Updated: Oct 16
The view from my office on the cusp of the incoming storm
When is it most difficult to dwell in uncertainty? When you’re exhausted and ready to be home and then, weather intervenes …..or not. It’s hard to tell what will happen now that a winter storm warning has been issued for the part of Vermont I and the airport are in when the warning extends until Saturday morning. All I know is that the snow is coming. It could be a few inches or well over a foot. It could turn to rain or, worst scenario, freezing rain and ice. The weather is iffy enough that the campus has just announced that the residency is officially over now so if people need to leave early to out-race the storm, they can…..that is, if they drive or have other means of getting from here to there.
Not having my own private plane, I’m here, like many others, and I’m thinking about this state of not-knowing. I looked to solace by re-reading Pema Chodron, my favorite writer on the shaky and unpredictable wiles of the life force:
Sticking with uncertainty is how we learn to relax in the midst of chaos, how we learn to be cool when the ground be-neath us suddenly disappears. We can bring ourselves back to the spiritual path countless times every day simply by exercising our willingness to rest in the uncertainty of the present moment —over and over again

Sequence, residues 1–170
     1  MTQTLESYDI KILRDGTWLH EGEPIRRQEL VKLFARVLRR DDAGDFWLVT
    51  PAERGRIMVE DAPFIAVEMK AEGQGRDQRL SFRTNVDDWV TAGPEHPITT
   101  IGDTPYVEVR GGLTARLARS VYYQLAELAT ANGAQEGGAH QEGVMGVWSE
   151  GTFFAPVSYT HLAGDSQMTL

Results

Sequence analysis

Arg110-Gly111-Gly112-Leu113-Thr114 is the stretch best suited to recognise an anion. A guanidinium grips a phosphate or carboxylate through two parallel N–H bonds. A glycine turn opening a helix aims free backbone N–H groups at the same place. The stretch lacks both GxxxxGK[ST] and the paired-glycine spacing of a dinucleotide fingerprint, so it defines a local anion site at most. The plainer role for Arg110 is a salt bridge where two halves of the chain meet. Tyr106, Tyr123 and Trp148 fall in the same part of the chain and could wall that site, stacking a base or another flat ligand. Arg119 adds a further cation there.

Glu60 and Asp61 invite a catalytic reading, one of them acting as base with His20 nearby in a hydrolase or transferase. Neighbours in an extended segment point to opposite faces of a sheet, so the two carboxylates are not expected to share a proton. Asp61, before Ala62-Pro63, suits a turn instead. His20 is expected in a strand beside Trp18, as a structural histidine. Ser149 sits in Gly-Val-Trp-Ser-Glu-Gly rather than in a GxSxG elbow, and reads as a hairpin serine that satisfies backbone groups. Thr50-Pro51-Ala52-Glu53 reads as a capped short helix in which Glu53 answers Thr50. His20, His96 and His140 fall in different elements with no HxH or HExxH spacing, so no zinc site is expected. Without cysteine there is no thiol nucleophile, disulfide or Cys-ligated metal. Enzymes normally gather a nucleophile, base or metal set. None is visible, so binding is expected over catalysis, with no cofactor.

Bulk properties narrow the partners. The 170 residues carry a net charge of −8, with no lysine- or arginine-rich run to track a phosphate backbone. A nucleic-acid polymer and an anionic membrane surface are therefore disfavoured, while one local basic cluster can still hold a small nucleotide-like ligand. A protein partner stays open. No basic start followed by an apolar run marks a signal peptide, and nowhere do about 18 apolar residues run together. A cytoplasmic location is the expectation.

The view of a campus wondering just how much snow will come
And there’s nothing like the weather outside the window or within our own bodies to bring us back to the present moment and also face-to-face to whatever habitual ruts we dive ourselves into when the going gets tough and keeps the tough from going. “Learning to stay,” as Pema Chodron writes, is about opening ourselves to the wild groundlessness of whatever ground we’re inhabiting which, in my case, is some hilly forests surrounding a small campus, all of it staring up expectantly to the sky for what will come next.
But while life is a series of travels through and dwellings in uncertainty, you could also say it’s a cabaret, especially here at Goddard where, despite the residency being over, a bunch of students are right now down the hall painting their faces, cross-dressing, rehearsing dance numbers and banging on drums in preparation for the unofficial cabaret, which begins in seven minutes. The snow may be coming, the program for tomorrow may be cancelled but the show, at least, must go on.